Back in April, the IMF thought that the eurozone would grow by 2.8 percent this year and by 2.3 percent next – down from its previous estimates. Then the European Commission stated that the EU economy was “particularly vulnerable” to surging energy prices − even before Russia effectively reduced the flow of gas in the Nord Stream 1 pipeline by 80 percent this week.
Inflation in the eurozone as a whole is expected to come in at 7.6 percent this year, before falling to a forecast four percent next year – but these estimates were announced before the latest developments in Russia’s energy war with the west. The IMF’s forecasts now look optimistic. The eurozone Purchasing Managers’ Index (PMI) fell to 49.4 this month, down from 52 in June. Any PMI score of less than 50 suggests that private-sector activity is shrinking. The manufacturing-only PMI fell to 46.1. The European Central Bank (ECB) raised rates by 50 basis points last week, casting further gloom.
On Tuesday (26 July), 26 EU states voluntarily agreed to reduce their gas consumption by 15 percent by next March. European Commission president Ursula von der Leyen announced the agreement in front of a giant banner which read – in English – “Save gas for a safe winter”. Hungary, which enjoys cosy relations with Russia, demurred. So, the prospect of widescale energy rationing across Europe this winter looks probable.
As recently as 30 May, Europe was receiving about 227 million cubic metres of gas per day from Russia, according to the Oxford Institute for Energy Studies. By 18 July, that had fallen to 82 million. Now, supplies are running at possibly as low as 60 million.
Russia and Iran – a country with which Russia seems to have formed a de facto alliance – together account for about one third of total natural-gas production. Vladimir Putin was in Tehran just last week, glad-handing the ayatollahs. Both countries are subject to swingeing western sanctions and determined to undermine the ascendancy of the democratic west in the current world order. Other countries which support Russia in its war against Ukraine include North Korea, Belarus, Eritrea and Syria. This alliance gives Putin further confidence that he can bring Europe to heel by cutting off its gas. Further, he could facilitate Iran’s long-held ambition of becoming a nuclear power.
Even if many Europeans – especially the Germans – would prefer to stay neutral in Russia’s war on Ukraine, Putin aims to hurt not just the west in general but the EU in particular. In a keynote address at the International Economic Forum, held in St. Petersburg in late June, Putin said that the sanctions regime against Russia was a “double edged sword” that would lead to a systemic decline in the European economy for years to come. Put simply, one of Russia’s war aims was and is to stoke inflation in Europe. In his own words:
“This will aggravate the deep-seated problems of European societies. There will be further growth of inequality which will split their societies still more. Such a disconnect from reality will inevitably lead to a surge in populism and extremist and radical movements”.
Russia’s economic war on Europe has been underway since last autumn when Moscow started to manipulate gas flows westwards. The most recent inflection point was when the EU decided to stop all flows of Russian seaborne crude oil by the end of the year. Goldman Sachs estimates that the EU economy would contract by 2.7 percent next year if the Russians were to cut off the gas taps altogether, but by even more in Italy and Germany.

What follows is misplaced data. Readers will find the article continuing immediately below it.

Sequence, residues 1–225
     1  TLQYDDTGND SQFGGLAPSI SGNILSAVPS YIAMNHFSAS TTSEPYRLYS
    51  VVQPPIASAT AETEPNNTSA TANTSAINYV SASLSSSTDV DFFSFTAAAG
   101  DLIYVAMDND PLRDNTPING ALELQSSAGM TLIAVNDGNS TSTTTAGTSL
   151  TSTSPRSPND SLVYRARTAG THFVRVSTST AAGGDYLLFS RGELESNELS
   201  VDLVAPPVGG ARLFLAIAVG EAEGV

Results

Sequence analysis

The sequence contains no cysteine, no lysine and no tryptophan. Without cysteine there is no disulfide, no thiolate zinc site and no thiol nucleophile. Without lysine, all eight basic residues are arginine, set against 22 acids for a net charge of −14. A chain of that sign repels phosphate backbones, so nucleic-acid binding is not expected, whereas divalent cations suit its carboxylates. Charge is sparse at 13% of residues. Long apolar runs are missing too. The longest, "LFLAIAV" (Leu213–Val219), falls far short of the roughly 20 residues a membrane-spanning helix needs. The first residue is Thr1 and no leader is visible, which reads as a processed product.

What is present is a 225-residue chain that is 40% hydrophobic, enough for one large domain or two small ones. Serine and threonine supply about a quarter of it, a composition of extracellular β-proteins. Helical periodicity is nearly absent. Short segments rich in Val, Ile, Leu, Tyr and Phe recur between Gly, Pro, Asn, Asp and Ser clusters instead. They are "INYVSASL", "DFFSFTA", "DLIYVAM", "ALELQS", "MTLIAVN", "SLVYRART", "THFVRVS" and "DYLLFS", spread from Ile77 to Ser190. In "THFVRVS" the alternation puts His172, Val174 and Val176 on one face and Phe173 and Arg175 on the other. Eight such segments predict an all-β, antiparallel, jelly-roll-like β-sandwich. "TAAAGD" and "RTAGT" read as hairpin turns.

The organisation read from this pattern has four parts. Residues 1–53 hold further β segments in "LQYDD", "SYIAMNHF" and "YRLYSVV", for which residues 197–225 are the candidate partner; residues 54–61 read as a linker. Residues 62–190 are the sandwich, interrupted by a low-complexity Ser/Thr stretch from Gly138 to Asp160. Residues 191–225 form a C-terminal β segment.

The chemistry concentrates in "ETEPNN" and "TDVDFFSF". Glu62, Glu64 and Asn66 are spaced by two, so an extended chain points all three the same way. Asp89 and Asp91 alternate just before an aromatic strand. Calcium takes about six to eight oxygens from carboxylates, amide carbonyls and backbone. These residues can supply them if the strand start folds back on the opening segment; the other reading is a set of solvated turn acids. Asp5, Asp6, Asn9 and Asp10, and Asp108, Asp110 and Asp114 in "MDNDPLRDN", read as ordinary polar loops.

Despite the sanctions regime, Russia is awash with fossil-fuel revenues, given the spike in the price of oil and gas. The Russians are selling less but charging more. As a result, the rouble, which sank in the first month of the war, is resurgent. True, Russia has technically defaulted on its outstanding debt-service payments – but not through insolvency. Rather, it has been unable to meet interest payments because much of its banking system is frozen.
Russia’s war in Ukraine could prove to be protracted and could get even more bitter. Neither side is offering the prospect of any kind of settlement. If Volodymyr Zelensky were to concede territory to Russia, everyone knows that that would just be a hiatus in the conflict. Russia’s stated aim is to wipe Ukraine off the map – and the Ukrainians will fight to the last.
The war could yet escalate into something existentially dangerous. The incipient Ukrainian counteroffensive to take back Kherson could force Putin’s hand. What Putin wants is to ratchet up the pain threshold in the hope and expectation that European solidarity will falter, and that some states will relax the sanctions regime against Russia. He calculates that the first EU state to crumble will be the richest one − Germany.
Germany: confusion and decline
The Germans have a reputation for no-nonsense efficiency. They combine brilliant engineering skills with outstanding design. They have an extraordinary culture rooted in a fascinatingly rich language. Germany was Europe’s economic model – once. But no longer.
Something extraordinarily significant happened last weekend. The gung-ho, reforming boss of giant car-maker Volkswagen, Herbert Diess, was removed. He was the man who was going to drag the vaunted German automotive industry into the fourth decade of the 21st century, championing electrification, AI-aided design and – oh yes – redundancies. Diess came a cropper when the Porsche and Piëch families, plus the state of Lower Saxony, who are still significant shareholders, lost confidence in his reforming zeal. He had become a radical in an economic ecosystem that favours traditionalism and gradualism – even though those tendencies have dug Germany into an ever-deeper hole.